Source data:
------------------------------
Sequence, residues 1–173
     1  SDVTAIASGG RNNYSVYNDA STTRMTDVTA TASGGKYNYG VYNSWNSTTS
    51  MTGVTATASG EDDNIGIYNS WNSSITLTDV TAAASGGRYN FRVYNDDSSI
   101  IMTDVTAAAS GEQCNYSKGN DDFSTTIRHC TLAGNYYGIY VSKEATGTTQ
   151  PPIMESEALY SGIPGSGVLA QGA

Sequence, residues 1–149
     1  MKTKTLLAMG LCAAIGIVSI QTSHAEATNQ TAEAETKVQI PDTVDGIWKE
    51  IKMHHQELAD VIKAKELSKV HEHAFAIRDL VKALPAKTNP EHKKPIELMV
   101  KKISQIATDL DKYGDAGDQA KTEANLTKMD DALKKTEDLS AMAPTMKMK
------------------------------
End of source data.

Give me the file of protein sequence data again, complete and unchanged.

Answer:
Sequence, residues 1–173
     1  SDVTAIASGG RNNYSVYNDA STTRMTDVTA TASGGKYNYG VYNSWNSTTS
    51  MTGVTATASG EDDNIGIYNS WNSSITLTDV TAAASGGRYN FRVYNDDSSI
   101  IMTDVTAAAS GEQCNYSKGN DDFSTTIRHC TLAGNYYGIY VSKEATGTTQ
   151  PPIMESEALY SGIPGSGVLA QGA

Sequence, residues 1–149
     1  MKTKTLLAMG LCAAIGIVSI QTSHAEATNQ TAEAETKVQI PDTVDGIWKE
    51  IKMHHQELAD VIKAKELSKV HEHAFAIRDL VKALPAKTNP EHKKPIELMV
   101  KKISQIATDL DKYGDAGDQA KTEANLTKMD DALKKTEDLS AMAPTMKMK